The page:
Monday, April 2, 2012
Urban A. Walter, Reformer of Railway Mail Service
In the 1900 U.S. Census, Urban A. Walter was age 18, and working as a Post Office clerk. He was residing with his parents, Mr. and Mrs. Adolph Walter, and several siblings in Toledo, Ohio. The 1880 U.S. Census indicates that the Adolph Walter family had resided in Fremont, Ohio at that time, before Urban's birth. The following excerpt from the book THE TRAVELING POST OFFICE, by William Jefferson Dennis (Homestead, 1916), tells of Urban A. Walter's intense campaign to improve the conditions of railway mail clerk employees. His publication "Harpoon" featured articles which told of the unsafe and unfair conditions of many railway mail clerks.
According to the book MAIL BY RAIL, by Bryant Alden Long,(Simmons-Boardman, 1951) the "Harpoon" was a red and yellow bound, 32-page magazine, which featured these words on the cover: "A Magazine That Hurts— For Postal Clerks." One issue had on the cover the memorial tombstone to three clerks who burned to death, after a tragic train wreck. Railway mail cars were usually made of wood, and quickly erupted into flames if the train wrecked. Urban A. Walter exposed the fact that lodgings aboard the train were bug-infested, and occasionally there were rats found in the water supply.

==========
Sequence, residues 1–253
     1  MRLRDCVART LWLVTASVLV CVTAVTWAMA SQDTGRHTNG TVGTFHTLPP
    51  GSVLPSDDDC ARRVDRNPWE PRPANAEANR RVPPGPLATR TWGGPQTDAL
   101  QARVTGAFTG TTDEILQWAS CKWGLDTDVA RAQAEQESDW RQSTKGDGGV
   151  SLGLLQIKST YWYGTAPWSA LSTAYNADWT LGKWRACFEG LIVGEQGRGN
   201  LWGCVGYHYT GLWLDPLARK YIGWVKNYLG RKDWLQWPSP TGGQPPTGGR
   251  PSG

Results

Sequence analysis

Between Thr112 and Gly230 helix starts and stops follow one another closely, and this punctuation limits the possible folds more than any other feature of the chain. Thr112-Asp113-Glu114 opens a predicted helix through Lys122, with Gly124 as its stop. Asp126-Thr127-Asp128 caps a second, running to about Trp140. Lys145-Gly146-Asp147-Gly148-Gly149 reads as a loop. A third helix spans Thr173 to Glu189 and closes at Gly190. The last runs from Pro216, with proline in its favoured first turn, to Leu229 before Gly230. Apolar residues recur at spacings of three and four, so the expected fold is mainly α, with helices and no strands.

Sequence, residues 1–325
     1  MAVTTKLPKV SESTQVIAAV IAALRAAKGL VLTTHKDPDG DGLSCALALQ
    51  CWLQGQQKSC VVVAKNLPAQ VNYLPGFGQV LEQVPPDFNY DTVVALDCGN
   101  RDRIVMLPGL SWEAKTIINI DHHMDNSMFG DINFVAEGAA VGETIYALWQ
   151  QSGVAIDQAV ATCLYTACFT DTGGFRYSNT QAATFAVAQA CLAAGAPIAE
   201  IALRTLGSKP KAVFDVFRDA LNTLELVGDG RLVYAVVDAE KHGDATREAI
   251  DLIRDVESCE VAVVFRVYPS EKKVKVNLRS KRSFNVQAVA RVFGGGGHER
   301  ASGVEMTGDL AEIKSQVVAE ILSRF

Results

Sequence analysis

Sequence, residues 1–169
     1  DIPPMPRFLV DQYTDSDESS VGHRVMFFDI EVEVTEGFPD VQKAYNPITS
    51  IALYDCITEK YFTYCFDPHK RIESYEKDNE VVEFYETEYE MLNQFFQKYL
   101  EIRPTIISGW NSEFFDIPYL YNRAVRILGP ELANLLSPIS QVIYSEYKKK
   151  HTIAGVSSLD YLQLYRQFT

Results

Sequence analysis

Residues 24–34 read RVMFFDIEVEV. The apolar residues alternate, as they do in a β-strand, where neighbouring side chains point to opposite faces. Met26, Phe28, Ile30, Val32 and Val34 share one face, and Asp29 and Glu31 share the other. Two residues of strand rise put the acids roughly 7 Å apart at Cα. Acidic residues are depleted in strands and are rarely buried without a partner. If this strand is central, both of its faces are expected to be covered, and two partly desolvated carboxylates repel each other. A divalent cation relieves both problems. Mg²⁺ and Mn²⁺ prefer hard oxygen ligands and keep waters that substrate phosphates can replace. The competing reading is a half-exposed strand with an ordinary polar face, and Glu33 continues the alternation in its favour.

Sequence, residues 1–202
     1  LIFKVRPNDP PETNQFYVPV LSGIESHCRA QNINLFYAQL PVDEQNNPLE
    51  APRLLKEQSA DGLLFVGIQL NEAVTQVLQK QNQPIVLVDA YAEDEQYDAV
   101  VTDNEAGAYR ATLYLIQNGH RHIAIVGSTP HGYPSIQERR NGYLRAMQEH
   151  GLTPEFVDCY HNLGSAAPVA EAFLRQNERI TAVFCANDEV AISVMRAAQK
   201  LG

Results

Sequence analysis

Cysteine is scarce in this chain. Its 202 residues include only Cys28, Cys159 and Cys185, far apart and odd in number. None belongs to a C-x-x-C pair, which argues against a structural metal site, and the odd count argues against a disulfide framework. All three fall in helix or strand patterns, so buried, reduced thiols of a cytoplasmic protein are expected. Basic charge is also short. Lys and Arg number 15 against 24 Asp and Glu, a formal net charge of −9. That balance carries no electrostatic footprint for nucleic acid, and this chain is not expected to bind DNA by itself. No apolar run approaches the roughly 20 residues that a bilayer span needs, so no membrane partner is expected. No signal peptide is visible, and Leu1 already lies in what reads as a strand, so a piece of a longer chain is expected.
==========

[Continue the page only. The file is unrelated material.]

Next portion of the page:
Eventually Urban A. Walter developed tuberculosis, and he moved west for health reasons. Mr. Urban A. Walter died on October 14, 1919 in Denver, Colorado. He was buried in St. Joseph's Cemetery in Fremont, Ohio. The inscription of the tombstone of Urban A. Walter reads:
Dedicated to the Memory Of
Walter A. Urban
The Father of Steel Mail Cars
Erected by Railway Postal Clerks
An exhibit from the Smithsonian Institution National Postal Museum features a video which describes conditions of the clerks who worked for the Railway Mail Service at the end of the nineteenth century and early part of the twentieth century.